According to a new study how old you look could be directly connected to your risk for heart disease. People with receding hairlines or balding, creases near the earlobes and eyelid bumps may be at a higher risk for heart trouble than people the same age that appear younger.
Researches in Denmark studied 11,000 people to determine the difference between chronological age and biological age. Beginning in 1976 researchers documented each subject’s appearance including counting wrinkles and crow’s feet. Over the next three decades 3,400 of the 11,000 participants developed some form of heart disease and 1,700 had heart attacks. The researchers found that each sign of aging caused a rise in the risk of heart problems, regardless of gender or family history of heart disease.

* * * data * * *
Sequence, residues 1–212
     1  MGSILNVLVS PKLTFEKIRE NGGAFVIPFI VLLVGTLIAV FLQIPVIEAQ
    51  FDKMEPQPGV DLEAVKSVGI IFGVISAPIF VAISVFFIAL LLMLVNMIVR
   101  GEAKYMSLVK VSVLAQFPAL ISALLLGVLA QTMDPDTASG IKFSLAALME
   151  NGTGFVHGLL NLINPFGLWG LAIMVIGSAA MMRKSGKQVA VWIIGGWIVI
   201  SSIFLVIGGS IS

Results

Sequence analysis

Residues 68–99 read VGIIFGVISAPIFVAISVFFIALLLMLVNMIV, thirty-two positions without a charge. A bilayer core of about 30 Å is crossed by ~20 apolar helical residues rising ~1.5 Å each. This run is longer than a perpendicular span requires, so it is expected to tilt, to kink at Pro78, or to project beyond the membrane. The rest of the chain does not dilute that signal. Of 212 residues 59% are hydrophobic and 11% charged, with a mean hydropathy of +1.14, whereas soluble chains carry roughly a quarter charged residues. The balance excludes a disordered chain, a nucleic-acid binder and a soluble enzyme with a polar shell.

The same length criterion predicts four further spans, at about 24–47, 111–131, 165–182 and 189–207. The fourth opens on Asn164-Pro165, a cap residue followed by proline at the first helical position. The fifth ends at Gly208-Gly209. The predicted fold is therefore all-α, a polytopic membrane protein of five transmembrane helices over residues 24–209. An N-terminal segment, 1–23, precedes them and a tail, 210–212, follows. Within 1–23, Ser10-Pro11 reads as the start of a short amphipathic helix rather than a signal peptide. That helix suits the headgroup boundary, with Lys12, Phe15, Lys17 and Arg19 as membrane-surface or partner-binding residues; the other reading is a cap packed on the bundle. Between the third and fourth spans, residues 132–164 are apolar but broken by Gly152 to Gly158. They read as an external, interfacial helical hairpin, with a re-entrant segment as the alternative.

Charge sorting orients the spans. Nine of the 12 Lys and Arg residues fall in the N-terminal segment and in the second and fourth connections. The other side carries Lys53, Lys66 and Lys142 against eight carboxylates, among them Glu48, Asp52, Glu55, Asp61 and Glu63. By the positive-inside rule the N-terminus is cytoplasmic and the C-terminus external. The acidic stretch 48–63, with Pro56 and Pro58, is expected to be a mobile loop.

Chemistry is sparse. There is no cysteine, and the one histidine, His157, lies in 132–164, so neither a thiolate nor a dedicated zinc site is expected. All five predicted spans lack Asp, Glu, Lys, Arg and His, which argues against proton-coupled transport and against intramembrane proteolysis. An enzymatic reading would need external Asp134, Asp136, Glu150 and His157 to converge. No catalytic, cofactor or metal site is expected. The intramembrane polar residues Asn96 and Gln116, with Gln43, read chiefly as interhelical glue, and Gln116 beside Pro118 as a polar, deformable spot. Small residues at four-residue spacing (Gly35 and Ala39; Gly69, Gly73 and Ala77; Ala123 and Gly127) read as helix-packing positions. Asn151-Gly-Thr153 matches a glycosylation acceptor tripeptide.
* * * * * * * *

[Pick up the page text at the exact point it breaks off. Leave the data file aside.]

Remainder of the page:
If a participant had three to four signs of aging, hair receding from the temple, balding at the crown, earlobe creases or lumps on the eyelids, their risk of heart attack went up 57% and they had a 39% greater chance of developing heart disease.
Eyelid bumps were found to be the biggest factor; these fatty deposits are often connected to cholesterol buildup. Baldness has been tied to heart disease in the past and is believed to have something to do with testosterone levels but the researches could not explain how earlobe creases were connected to an increased risk.
Regular signs of aging such as facial wrinkles and greying hair were not found to be an indication of heart disease.
This study helps illustrate that some obvious risk factors could be being overlooked by physicians. Dr. Kathy Magliato, a surgeon at Santa Monica’s St. John’s Health Center said that doctors need to pay more attention to visible signs of trouble, “We’re so rushed to put on a blood pressure cuff or put a stethoscope on the chest” that obvious signs may be missed.